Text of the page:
Shining in the Dark

Not much to look at in the light, but spectacular in the dark.

I’m a morning person. I’m rarely in bed past six o’clock, and am often up long before that. But I will admit that even I get tired of getting up in the cold and dark at this time of year.

Of course, sometimes the most amazing things happen before the sun is up.

Yesterday morning, I stepped into the chicken paddock feed ‘the girls’. It was still dark, with just enough starlight to see my way. I bent to tip a scoop of feed into their dish and froze.

Something glowed on the ground—the eerie glow of bioluminescence.

I’ve seen bioluminescence while feeding the chickens before—a tiny sea creature whipped up and blown in with a violent snowstorm—but this was different.

I flicked my light on and saw something pink glistening on the ground. When I tried to pick it up, I discovered it was the head of an earthworm.

A brightly glowing earthworm.

I couldn’t get it out of the ground in order to bring it in and identify it yesterday, but I took the spading fork with me this morning when I went to feed the chickens, and I collected a little glowing earthworm from where I’d seen one yesterday.

I already knew that at least one of our native earthworms is bioluminescent—Octochaetus multiporus, which I’ve blogged about before. But O. multiporus grows to enormous size, and I’ve never found any worms in the garden that match its description. Doing a little research, I found that bioluminescence is quite widely employed by earthworms, presumably as a deterrent to predators.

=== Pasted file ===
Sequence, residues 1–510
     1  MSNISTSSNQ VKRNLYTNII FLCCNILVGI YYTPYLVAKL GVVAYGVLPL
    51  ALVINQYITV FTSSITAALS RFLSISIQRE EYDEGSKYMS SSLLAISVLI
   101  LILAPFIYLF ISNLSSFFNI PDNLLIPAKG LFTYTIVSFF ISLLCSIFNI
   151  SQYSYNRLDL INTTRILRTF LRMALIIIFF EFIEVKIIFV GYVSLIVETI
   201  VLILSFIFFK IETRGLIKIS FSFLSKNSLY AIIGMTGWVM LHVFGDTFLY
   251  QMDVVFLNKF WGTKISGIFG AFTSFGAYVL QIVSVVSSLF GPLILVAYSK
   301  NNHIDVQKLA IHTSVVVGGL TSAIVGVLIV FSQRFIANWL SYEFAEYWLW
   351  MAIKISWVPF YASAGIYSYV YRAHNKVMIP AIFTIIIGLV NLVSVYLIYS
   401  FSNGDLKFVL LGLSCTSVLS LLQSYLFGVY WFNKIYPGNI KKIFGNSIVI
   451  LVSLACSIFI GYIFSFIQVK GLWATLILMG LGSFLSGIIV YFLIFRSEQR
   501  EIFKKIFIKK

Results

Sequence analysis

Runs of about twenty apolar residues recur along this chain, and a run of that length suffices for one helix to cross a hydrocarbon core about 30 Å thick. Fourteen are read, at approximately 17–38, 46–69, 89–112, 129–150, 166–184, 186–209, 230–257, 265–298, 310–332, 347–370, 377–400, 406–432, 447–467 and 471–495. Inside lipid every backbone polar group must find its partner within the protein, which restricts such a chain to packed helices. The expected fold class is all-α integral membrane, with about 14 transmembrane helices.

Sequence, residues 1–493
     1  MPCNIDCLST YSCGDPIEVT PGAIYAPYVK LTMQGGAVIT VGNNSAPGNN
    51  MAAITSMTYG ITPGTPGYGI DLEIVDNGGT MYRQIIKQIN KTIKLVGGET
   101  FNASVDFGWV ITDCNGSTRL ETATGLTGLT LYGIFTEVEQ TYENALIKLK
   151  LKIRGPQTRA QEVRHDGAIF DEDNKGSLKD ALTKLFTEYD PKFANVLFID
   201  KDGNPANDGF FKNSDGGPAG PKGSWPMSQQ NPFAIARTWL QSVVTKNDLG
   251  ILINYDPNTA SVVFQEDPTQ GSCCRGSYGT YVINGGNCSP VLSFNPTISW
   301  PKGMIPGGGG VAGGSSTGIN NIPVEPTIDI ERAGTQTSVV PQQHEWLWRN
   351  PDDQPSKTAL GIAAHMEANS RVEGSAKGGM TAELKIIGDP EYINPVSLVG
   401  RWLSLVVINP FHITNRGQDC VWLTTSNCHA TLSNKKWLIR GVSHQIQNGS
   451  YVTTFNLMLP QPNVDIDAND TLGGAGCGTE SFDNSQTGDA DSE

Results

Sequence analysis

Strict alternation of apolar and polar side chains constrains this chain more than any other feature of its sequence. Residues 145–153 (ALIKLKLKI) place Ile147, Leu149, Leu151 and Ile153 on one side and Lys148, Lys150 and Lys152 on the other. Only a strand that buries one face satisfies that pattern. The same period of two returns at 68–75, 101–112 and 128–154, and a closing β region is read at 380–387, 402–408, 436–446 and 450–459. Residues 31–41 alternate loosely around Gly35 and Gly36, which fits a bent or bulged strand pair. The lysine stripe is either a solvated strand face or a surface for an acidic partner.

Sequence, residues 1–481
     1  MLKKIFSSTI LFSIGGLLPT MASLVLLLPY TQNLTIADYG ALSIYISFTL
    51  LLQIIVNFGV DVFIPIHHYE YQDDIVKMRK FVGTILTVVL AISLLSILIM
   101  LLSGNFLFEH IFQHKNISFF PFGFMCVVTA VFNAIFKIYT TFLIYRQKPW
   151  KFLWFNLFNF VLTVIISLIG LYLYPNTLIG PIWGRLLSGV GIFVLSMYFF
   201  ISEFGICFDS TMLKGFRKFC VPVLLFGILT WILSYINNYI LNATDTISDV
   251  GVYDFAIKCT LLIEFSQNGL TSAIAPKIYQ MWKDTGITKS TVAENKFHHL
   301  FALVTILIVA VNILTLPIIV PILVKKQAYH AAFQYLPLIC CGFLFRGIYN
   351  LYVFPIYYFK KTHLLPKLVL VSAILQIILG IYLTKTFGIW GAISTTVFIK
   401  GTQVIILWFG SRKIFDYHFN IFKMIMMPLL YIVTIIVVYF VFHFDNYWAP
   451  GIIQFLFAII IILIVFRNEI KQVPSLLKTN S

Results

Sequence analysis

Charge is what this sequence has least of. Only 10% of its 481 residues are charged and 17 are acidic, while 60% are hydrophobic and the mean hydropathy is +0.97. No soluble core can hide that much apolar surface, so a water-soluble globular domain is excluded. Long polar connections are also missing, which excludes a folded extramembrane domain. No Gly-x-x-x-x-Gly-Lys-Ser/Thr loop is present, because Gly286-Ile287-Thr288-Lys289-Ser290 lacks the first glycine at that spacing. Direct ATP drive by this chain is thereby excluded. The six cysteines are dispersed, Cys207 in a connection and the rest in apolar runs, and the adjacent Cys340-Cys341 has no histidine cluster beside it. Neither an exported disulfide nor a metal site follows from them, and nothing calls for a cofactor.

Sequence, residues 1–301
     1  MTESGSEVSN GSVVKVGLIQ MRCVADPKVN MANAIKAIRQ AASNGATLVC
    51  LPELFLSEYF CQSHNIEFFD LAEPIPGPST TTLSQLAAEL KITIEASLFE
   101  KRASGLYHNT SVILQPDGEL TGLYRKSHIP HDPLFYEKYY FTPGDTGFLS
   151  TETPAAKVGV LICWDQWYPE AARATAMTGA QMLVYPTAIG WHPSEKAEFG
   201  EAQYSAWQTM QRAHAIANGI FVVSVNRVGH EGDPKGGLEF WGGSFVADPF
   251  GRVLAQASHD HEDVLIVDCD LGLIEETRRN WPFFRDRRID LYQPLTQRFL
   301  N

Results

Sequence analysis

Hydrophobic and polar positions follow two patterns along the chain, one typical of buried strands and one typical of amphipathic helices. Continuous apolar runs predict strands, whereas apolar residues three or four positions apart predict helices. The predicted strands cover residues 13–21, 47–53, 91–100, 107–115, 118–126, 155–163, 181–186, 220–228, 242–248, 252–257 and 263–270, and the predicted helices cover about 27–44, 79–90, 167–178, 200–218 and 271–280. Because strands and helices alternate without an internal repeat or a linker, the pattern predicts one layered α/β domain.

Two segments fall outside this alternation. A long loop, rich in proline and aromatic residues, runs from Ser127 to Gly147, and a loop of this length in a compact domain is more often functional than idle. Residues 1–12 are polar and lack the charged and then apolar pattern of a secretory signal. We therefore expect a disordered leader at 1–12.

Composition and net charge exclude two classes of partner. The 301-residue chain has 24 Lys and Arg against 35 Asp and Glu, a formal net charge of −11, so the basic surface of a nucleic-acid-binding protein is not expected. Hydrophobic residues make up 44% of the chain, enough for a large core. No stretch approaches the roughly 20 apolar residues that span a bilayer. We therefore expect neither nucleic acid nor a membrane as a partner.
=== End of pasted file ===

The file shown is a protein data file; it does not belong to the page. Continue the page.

Most earthworms produce light in much the same way that fireflies do, with a chemical known as luciferin that reacts with oxygen-containing compounds in the presence of luciferase to create light.

So, what species is my little glowing worm? There are about thirty New Zealand species within the genera where bioluminescence has been recorded. I’ve found record of only two of those species being bioluminescent: O. mulitporus and Microscolex phosphoreus, a small worm considered native here, but widely distributed around the globe. My best guess is that it’s M. phosphoreus, but data on that worm’s distribution in New Zealand is almost nonexistent (it’s been recorded from only one location), and data about any earthworm in New Zealand is scanty. Perhaps my worm is M. phosphoreus, but it might also be a worm in which bioluminescence hasn’t been recorded. After all, most people aren’t out in the garden at night to notice glowing worms.